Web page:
Mr.Nathaniel Knowles, Deputy Director of Foreign Commerce
of the U.S. Department of Commerce said that he knows
of 110 American business firms which have expressed
a desire to establish contacts with Indian businessmen
or which have shown an interest in trade with India.
And the ‘American Reporter,’ gleefully remarks:
‘India’s advancing private sector has created a mounting
awareness of the necessity for private investment.”
But Pandit Nehru becomes feverishly eloquent in saying
that he is leading the country along the path of Socialism!
We, like a host of others, are naturally bewildered.
If American businessmen, after their study tours and
fact-finding Commission, trade delegations and the like,
are willing to become ‘partners’ with Indian firm-owners,
then it goes without saying, that the ‘private sector’
is assured of an undisturbed future. Pandit Nehru himself
has stoutly opposed the idea of fixing a ceiling on
So assured of the right to get and send fat profits,
American businessmen, are willing to place their ‘capital’
in the hands of their counterparts here.
Why then should Pandit Nehru place before the people,
an illusion—the Socialist path?
If Pandit Nehru believes in building up this kind of
economic structure, he has got every right to plead
for such a scheme and get the consent of the people;
but why should he vend it affixing the label of Socialism?
Therein peeps out the politician in him! He knows that
talks about Socialism, get votes, and there are parties
which are championing the cause of Socialism. He will
not allow these parties to steal a march over his party—hence
he paints his plans with that colour and pattern that
is most pleasing to the eyes of the people. “The Master
Artist”—Congressmen are bound to exclaim in a tone of
appreciation. But none could dispute the fact, that
that is bad politics.
It is argued and it may be true also to a great extent,
that however extensive these business connections become,
there are no strings at all attached to them. They are
purely business connections, and they would exert no
bearing at all on the political arena.
That argument may be sound or otherwise; but the towering
personality of Pandit Nehru, would act as a check against
any such desire on the part of foreign magnates to exert
their influence over the political situation—but only
upto a point.
Already loud protests were raised against the evil of
getting fat donations from big firms for election fund.
No Congress leader could come forward with a denial—they
but attempted to justify in a weak and meek tone.
American businessmen, know the art of controlling politics
through the purse. They have perfected that art. And
when they ‘colonise’ the business world here, one could
very well imagine, how much more liberal, vigorous and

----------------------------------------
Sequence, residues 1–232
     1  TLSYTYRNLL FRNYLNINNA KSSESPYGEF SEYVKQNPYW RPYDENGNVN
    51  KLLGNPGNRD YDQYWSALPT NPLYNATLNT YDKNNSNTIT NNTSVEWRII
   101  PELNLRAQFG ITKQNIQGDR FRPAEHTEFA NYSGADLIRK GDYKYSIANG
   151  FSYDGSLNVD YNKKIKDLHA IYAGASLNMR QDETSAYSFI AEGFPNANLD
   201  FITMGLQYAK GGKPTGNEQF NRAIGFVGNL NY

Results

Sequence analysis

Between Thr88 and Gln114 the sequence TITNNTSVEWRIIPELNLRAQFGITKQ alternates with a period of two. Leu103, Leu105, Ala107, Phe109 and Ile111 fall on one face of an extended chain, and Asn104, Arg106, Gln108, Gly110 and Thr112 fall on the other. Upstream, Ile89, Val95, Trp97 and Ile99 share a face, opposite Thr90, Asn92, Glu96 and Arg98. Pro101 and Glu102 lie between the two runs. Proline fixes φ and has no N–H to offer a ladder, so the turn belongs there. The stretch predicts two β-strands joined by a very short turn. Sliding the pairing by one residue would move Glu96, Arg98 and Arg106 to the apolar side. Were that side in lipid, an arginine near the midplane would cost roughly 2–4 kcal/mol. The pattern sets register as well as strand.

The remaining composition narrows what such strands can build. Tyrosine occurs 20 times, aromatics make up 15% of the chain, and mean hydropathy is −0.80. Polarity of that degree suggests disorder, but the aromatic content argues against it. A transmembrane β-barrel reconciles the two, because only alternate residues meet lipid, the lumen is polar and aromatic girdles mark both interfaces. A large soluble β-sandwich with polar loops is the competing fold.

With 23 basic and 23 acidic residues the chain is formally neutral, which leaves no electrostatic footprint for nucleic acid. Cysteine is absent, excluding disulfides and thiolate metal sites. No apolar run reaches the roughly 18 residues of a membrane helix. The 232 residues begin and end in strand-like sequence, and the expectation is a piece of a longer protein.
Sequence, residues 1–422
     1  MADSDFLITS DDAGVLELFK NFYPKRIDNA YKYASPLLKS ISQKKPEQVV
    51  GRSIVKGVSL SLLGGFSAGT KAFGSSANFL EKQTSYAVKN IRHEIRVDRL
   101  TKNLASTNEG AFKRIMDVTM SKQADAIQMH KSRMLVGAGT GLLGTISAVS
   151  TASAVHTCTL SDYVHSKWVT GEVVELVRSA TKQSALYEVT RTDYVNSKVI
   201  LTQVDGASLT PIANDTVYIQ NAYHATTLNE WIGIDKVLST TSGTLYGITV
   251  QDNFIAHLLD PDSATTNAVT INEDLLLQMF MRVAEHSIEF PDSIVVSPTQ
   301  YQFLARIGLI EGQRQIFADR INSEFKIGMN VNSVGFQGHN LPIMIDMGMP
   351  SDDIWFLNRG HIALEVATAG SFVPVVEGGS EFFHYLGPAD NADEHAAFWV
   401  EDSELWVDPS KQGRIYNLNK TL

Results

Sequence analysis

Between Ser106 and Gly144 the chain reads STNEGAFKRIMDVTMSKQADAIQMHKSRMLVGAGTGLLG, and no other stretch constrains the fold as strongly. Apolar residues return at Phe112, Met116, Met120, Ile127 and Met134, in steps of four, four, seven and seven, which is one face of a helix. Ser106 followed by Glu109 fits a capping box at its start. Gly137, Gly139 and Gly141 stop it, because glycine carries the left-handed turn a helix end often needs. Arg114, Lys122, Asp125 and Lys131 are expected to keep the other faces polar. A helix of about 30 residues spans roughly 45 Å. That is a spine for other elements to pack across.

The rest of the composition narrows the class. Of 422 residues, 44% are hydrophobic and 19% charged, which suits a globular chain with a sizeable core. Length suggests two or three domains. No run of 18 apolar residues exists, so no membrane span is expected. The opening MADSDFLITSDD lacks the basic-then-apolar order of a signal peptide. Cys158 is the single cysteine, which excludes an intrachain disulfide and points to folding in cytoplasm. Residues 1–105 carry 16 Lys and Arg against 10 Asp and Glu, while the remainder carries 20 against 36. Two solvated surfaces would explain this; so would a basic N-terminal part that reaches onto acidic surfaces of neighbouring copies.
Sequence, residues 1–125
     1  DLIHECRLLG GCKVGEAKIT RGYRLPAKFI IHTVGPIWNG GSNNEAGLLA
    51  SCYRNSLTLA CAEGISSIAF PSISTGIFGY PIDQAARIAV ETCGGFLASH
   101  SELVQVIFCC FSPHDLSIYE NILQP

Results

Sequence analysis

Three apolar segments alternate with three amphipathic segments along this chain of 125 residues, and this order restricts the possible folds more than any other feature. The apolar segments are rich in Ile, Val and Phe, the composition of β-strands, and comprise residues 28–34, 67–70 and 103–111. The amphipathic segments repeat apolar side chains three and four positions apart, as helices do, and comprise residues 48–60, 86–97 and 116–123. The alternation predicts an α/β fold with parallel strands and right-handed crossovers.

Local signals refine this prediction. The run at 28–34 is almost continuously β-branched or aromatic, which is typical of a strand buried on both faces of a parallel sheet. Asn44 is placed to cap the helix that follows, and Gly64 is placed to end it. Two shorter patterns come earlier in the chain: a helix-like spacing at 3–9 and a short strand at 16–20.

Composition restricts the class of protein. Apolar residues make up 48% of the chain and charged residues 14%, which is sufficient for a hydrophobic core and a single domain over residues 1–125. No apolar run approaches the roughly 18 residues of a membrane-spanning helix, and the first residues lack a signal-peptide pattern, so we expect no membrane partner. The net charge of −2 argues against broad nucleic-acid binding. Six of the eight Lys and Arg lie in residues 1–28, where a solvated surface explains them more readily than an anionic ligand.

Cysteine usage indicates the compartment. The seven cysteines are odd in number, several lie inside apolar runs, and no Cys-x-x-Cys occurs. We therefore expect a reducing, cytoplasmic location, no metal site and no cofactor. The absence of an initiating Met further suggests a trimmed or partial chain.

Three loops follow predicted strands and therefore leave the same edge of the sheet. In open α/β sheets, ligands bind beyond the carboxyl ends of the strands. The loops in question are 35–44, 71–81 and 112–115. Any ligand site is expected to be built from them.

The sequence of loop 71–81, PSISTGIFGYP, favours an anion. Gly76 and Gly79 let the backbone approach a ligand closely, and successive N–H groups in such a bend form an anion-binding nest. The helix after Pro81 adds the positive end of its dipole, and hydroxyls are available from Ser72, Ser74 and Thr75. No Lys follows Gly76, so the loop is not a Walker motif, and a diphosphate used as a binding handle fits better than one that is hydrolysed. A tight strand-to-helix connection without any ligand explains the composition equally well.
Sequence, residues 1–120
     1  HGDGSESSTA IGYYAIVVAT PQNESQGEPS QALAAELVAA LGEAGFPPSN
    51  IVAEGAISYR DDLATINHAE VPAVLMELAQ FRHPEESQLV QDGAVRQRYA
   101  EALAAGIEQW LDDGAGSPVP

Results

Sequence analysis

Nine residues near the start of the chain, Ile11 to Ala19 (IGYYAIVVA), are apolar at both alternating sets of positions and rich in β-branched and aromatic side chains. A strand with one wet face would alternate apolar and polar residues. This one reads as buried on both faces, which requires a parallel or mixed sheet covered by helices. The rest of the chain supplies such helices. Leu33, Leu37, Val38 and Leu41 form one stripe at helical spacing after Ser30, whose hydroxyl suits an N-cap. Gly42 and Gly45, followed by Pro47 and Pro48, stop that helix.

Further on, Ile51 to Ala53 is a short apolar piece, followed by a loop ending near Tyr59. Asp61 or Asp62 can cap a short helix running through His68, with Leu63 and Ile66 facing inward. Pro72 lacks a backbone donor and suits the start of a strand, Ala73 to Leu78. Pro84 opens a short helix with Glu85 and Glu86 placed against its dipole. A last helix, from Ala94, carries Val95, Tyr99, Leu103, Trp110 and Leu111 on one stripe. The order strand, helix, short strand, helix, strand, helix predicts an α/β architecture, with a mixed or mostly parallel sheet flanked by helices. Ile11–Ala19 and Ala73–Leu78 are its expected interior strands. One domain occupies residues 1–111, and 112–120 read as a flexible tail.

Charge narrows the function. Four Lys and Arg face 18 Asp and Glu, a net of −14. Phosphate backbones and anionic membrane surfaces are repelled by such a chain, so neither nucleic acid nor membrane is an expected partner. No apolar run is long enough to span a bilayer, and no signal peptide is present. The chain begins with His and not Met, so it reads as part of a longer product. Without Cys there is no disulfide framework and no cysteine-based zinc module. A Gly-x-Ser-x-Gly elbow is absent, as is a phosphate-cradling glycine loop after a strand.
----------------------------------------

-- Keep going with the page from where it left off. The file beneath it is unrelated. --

effective, would be those ‘donations’ for election funds.
And what party other than the Congress could become
dear to them—a party, it should be conceded, that is
able to get the ‘notes from the rich and the votes from
the poor,’ and which is bold enough to permit the private
sector to become strong and stronger at the same time
parading Socialism. The Americans have spent billions
over uncertain soil; here is a sure and fertile soil,
so they sow to reap and are assured of a good crop.
Pandit Nehru has got strength enough to thwart any open
attempt on the part of foreign magnates to influence
politics here, but are there amongst his colleagues,
men of such strength and calibre?
What would be the position, if men endowed with less
vision and vigor, come to hold the reins here? Could
they withstand the bewitching smile, and the benign
look? None could give a categorical assurance. To plant
here American Money on such an extensive scale, might
become a nightmare in the future.
Pandit Nehru should consider the shape of things to
come — should build up a machinery here, that could
be handled, easily and effectively by the average man.
“None of the prime minister’s colleagues is of All-India
stature. There have been significantly enough no replacement
for Sardar Patel, Rafi Ahmed Kidwai, Moulana Azad, within
the party. This in a democratic set-up is a distinct
weakness. More over men like Krishna Menon, Morarji
Desai, and Lal Bahadur Shastri who at times might have
seemed to be points of strength to the Nehru government,
have had recently to be helped out by Mr. Nehru.”
—Writes Mr. Natarajan in the ‘Times of India’.
In spite of the vigorous vigilance of Pandit Nehru,
we find to our dismay, muddles, and corruption of a
stinking sort. We shudder to think, what ugly dimensions
this would grow, when men with lesser stature come to
occupy the gadi. And to welcome with glee, foreign capital
and foreign money, without the least thought about the
future amounts to, we are afraid sowing the ‘dragon’s
(Editorial - 08-02-1959)